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The largest group of Lithuanian immigrants to arrive in Australia was after the II World War in the period 1947-1952.  It wasn’t easy for them, arriving in a foreign country and an unfamiliar environment. It was vital for people to feel the connection with their homeland, compassion and support from their compatriots. 

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Realising this need, Danutė Matulaitytė (Simankevičienė), who had worked for a number of years in a senior position at the Central Red Cross in Lithuania, took the initial steps to provide social welfare and support for Lithuanians starting their new life in Melbourne.  When she arrived in Melbourne, Australia, with her ailing mother she found it difficult to find support.  In 1952 she found nineteen like-minded women and on the 27th of July they established the Melbourne Women’s Social Welfare Society.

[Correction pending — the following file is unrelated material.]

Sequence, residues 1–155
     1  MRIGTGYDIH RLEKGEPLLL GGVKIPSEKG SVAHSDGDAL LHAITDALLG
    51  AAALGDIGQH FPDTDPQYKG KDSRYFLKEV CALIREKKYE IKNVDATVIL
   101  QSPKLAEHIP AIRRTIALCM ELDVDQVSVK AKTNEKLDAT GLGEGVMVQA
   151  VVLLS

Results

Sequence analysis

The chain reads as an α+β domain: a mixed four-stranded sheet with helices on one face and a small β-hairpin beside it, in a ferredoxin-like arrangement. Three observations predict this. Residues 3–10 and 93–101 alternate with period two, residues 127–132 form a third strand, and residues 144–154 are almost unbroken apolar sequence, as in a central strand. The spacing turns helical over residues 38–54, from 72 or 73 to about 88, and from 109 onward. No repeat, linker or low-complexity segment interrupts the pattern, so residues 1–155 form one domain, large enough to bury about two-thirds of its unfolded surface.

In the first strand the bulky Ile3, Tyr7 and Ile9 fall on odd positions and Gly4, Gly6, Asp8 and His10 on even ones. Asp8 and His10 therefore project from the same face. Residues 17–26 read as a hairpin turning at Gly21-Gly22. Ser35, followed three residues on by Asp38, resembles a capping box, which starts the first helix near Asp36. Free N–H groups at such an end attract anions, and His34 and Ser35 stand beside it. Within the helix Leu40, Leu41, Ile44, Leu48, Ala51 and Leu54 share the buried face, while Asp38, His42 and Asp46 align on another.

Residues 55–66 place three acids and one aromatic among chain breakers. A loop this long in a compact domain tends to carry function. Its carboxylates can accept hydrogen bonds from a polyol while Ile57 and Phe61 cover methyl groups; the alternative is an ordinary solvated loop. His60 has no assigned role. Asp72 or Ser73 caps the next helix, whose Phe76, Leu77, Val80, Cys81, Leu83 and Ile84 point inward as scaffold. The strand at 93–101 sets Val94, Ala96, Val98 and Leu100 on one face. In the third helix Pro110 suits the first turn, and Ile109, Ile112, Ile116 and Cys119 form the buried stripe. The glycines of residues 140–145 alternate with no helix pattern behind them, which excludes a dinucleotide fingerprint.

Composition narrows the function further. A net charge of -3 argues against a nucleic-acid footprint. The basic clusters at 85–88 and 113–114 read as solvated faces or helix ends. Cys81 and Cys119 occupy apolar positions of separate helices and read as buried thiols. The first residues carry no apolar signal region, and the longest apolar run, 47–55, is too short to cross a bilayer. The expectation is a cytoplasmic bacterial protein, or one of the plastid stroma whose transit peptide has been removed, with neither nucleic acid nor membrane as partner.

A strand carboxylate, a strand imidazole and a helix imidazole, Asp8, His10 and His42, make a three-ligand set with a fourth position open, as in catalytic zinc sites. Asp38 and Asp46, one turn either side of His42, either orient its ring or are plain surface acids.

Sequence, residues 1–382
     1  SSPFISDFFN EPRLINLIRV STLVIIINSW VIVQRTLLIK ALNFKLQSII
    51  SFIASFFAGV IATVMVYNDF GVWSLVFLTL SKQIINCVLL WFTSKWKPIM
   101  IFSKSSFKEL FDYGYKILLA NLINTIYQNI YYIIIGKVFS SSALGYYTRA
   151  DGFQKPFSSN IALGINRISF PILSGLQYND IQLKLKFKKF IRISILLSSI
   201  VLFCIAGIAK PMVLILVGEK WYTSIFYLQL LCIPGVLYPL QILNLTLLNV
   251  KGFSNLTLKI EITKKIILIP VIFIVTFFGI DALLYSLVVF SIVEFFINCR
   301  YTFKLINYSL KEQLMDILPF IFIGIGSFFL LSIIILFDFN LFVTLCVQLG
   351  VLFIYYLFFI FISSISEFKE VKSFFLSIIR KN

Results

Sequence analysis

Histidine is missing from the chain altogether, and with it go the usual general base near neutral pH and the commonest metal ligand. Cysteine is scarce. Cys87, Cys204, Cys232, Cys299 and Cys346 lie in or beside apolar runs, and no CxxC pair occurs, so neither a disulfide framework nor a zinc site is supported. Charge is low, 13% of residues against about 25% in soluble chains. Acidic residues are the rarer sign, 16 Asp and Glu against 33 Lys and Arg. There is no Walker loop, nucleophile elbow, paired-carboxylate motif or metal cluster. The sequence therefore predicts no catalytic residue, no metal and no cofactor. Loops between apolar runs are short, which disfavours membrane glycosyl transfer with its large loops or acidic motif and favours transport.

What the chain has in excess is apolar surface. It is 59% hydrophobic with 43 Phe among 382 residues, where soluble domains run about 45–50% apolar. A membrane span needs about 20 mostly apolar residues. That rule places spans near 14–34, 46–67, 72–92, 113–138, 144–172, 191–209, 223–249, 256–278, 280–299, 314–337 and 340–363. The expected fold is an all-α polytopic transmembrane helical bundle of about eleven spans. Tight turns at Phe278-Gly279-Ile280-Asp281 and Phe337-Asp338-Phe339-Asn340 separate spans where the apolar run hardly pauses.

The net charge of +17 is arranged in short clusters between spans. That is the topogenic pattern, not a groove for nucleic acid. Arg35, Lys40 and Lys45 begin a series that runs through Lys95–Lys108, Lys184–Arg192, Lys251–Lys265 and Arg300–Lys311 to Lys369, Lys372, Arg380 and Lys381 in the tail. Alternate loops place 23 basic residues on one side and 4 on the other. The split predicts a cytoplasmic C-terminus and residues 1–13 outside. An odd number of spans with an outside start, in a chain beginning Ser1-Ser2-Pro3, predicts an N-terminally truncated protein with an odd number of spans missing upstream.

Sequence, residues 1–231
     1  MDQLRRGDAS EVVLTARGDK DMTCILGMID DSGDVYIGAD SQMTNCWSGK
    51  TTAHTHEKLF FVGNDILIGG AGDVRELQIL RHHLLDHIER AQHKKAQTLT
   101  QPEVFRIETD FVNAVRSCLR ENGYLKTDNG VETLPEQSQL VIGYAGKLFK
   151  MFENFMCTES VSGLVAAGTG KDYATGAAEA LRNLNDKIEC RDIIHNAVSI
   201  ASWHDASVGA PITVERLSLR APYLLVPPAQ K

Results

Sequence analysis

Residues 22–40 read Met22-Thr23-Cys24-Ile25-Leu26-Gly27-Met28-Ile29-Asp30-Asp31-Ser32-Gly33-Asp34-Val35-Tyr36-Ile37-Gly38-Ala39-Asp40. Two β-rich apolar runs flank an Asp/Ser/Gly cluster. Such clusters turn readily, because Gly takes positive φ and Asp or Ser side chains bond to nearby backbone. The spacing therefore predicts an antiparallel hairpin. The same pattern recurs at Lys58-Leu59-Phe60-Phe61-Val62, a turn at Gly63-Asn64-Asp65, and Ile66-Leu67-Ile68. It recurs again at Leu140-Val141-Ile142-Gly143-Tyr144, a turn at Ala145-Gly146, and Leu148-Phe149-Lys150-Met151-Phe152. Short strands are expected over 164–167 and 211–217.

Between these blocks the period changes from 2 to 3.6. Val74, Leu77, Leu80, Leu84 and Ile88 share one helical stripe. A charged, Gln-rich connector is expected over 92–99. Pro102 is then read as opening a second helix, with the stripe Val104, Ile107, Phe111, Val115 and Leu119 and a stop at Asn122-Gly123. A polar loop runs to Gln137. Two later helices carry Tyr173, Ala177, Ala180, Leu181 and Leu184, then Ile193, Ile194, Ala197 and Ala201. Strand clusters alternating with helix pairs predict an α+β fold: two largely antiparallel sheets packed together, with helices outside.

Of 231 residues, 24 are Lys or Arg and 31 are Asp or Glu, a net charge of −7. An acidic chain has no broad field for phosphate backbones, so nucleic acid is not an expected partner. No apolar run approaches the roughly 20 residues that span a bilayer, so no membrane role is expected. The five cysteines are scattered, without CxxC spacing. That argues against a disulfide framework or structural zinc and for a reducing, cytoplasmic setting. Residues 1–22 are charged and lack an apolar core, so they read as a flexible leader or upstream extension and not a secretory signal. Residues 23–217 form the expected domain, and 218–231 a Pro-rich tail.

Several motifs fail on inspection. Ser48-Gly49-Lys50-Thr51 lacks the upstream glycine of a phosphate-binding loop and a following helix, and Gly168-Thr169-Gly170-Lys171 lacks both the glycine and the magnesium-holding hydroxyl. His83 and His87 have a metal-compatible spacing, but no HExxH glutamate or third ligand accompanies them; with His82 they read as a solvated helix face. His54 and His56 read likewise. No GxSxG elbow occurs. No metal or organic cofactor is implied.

The first articles of association of this society read: – To provide material and moral support to every Lithuanian in trouble, without regard to his views or religion”.

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It is impossible to name all the projects and good work done over 60 years and more, but this is a selection of the bigger projects:

  • Purchased a car for the Kaunas Centre for Children with Disabilities;
  • Donated to the Gelgaudiškis Special Boarding School Home a food processor.;